Total:    13.7 miles,  155 pounds

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The Gift Race Directors Don’t Want Us to Give: Race Bib Transfers

Sorry I missed this race; it looks like fun! (Photo of Jack London 10K via

My fastest race ever was the one I didn’t run.

A few years ago, I registered for a trail race in New Hampshire:   the Jack London 10K, named for the author of “The Call of the Wild.”

It was in another state.  On Nov. 1.  Can anyone see the problem here? Captain Oblivious here didn’t, and so yes, I paid money to run a race in another state early on the morning after Halloween.

And no, I didn’t make it.  But amazingly enough, I ran my personal best!

A few months later, a friend spotted my name on the list of finishers. I’d finished in 49:26, a pace just under eight minutes a mile.

Had I actually run this race, I would have petitioned the Vatican to deem this a miracle.  But of course, someone just picked up my lonely bib and ran with it, literally and figuratively.   Technically, yes, that made him or her a bandit, but I don’t care.  If I can’t make a race, I’m happy to have someone run in my place, particularly if they’re going to make me look good, but race directors who forbid the transfer of numbers make this difficult for those of us inclined to generosity. Read more >>

Mace’s training log, 12-2-12

This week was a repeat of the lesson “if you can run, you must run, because tomorrow you might not be able.”

You don’t have to worry about falling when you’re only six inches off the ground! (Image via

I’d planned to run long on Friday, but I let work get in the way and postponed it to Saturday, which turned out to be a mistake.  Usually, I keep a close eye on the forecast so I can get pleasurably exhausted before bad weather hits, but somehow I missed the slushy snow that began late Friday and continued into Saturday.  No long, fast run for me.    Thankfully, warmer next week, so I can try once again to get my sluggish self back to a 10-something pace before the Christmas-cookie production begins in earnest.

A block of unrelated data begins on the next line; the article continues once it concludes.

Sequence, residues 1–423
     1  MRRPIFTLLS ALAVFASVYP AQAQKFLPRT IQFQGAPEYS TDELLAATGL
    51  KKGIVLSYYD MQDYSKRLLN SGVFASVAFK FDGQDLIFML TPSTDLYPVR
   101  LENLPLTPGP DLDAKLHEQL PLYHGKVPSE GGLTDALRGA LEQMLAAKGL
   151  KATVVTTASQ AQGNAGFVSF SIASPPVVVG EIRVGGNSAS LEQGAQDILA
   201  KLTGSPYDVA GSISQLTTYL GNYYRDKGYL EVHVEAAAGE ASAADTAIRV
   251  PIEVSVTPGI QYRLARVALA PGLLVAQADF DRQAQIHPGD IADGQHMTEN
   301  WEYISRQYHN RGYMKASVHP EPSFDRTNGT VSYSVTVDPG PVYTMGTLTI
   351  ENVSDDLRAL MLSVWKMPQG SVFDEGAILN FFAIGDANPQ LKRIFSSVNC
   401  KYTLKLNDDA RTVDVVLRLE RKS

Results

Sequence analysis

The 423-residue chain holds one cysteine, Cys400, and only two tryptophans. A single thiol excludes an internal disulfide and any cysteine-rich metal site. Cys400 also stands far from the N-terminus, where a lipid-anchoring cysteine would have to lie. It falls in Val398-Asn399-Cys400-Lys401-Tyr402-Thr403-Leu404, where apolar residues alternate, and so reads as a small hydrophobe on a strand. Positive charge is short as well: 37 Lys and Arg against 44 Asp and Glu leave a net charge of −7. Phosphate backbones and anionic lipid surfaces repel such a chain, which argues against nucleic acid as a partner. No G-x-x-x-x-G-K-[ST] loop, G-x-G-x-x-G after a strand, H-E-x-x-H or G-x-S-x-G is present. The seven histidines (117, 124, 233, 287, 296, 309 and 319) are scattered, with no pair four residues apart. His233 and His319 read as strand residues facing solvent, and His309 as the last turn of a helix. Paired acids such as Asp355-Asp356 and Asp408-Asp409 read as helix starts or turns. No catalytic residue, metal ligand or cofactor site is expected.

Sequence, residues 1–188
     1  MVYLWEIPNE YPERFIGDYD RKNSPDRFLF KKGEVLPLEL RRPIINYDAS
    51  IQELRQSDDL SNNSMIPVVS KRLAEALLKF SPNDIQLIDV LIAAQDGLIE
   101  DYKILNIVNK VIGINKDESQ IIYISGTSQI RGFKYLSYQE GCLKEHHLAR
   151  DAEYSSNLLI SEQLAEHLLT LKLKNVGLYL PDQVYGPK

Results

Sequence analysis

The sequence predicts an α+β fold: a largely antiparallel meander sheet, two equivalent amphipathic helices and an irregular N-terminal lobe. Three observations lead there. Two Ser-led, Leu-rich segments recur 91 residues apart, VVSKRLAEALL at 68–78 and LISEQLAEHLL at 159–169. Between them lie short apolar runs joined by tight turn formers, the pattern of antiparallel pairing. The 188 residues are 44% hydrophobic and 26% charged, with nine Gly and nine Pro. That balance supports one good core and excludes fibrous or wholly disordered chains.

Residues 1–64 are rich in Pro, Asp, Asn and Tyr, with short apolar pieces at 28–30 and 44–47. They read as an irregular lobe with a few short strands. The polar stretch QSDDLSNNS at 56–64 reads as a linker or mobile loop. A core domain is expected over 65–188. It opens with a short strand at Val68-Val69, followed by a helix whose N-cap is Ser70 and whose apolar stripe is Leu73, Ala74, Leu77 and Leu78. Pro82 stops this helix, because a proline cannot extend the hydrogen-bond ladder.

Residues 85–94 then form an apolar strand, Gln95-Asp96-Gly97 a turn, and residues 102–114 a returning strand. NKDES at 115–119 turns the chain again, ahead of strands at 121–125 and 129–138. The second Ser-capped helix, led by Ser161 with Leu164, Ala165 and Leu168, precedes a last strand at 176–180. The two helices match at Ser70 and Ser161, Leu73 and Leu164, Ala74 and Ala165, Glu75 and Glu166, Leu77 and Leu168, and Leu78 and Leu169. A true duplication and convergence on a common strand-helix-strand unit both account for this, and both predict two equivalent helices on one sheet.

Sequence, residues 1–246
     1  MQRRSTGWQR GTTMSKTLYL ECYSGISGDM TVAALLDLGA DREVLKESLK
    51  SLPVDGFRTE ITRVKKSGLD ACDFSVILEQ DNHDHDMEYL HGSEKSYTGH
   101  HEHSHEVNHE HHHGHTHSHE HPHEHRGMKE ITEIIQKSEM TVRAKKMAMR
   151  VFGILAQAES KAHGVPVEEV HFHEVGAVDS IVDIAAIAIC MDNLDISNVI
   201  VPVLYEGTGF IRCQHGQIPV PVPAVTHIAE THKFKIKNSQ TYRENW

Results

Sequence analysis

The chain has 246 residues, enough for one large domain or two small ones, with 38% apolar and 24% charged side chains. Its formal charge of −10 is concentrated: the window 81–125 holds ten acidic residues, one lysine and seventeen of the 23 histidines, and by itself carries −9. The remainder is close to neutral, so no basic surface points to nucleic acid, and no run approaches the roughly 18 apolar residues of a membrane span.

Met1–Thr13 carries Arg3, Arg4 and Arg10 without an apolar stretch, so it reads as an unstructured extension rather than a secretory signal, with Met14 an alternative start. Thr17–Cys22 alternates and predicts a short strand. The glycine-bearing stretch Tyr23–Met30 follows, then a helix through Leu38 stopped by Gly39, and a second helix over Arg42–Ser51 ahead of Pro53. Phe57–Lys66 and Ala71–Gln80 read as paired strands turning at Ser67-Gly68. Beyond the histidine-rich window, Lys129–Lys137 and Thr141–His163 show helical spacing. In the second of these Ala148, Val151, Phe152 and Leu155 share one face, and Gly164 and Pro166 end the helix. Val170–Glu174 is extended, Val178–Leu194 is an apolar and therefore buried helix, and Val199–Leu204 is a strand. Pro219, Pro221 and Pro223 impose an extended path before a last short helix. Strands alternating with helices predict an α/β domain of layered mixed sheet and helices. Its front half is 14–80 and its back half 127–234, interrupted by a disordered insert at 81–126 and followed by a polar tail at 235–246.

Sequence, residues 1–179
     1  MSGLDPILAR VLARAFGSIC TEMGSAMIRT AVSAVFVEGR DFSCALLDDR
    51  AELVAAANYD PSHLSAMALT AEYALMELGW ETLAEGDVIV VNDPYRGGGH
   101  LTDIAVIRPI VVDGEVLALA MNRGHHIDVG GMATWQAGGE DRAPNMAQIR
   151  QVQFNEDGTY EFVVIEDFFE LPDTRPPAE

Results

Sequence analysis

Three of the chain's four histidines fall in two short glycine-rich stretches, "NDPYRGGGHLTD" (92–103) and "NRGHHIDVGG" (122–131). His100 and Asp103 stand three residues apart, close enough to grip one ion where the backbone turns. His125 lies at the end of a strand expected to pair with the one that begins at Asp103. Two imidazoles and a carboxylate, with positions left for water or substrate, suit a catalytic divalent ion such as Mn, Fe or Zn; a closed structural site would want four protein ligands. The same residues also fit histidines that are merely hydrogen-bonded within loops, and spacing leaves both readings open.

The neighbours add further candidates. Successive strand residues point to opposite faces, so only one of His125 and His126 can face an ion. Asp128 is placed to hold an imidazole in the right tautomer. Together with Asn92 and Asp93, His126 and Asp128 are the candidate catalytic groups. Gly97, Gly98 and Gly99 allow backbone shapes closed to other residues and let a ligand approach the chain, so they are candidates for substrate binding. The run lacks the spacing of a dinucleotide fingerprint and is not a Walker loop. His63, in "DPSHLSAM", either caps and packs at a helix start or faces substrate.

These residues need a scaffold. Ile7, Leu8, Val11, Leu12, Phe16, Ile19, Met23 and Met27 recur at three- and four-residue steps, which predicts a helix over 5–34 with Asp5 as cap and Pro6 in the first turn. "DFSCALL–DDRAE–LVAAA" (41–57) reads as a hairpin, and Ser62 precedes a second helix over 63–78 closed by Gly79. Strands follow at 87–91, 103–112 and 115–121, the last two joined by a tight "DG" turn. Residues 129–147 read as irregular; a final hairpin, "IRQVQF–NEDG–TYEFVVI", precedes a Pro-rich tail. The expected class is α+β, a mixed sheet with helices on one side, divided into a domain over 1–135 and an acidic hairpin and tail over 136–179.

SUNDAY:   5.8,  11:20 pace

MONDAY:   off

TUESDAY:    3 , untimed, with dog


THURSDAY:  2, untimed, with dog

FRIDAY:    off

SATURDAY:   4.6,  11:41

Total:  15.4 miles, 155 pounds.  Miniscule progress, but I’ll take it.

Smile, and the World Runs with You

The look of suffering: one of running’s 7 deadly sins. (Photo via

Fresh off a six-mile run, I got an email that made me wince.

“If running is so good, why do you seem to be in so much pain while you’re doing it?” asked a neighbor who’d passed me in his car and waved merrily while I was staggering up the last hill, apparently complete with ugly face.

I replied,  “You saw me on mile 6.  I was positively euphoric on miles 2, 3 and 4.”

This was true.  The first and last miles of any workout are often the hardest.   Besides, the test of any experience is not how we feel while we’re doing it, but how we feel after it’s done, so whatever discomfort we experience during a run shouldn’t matter.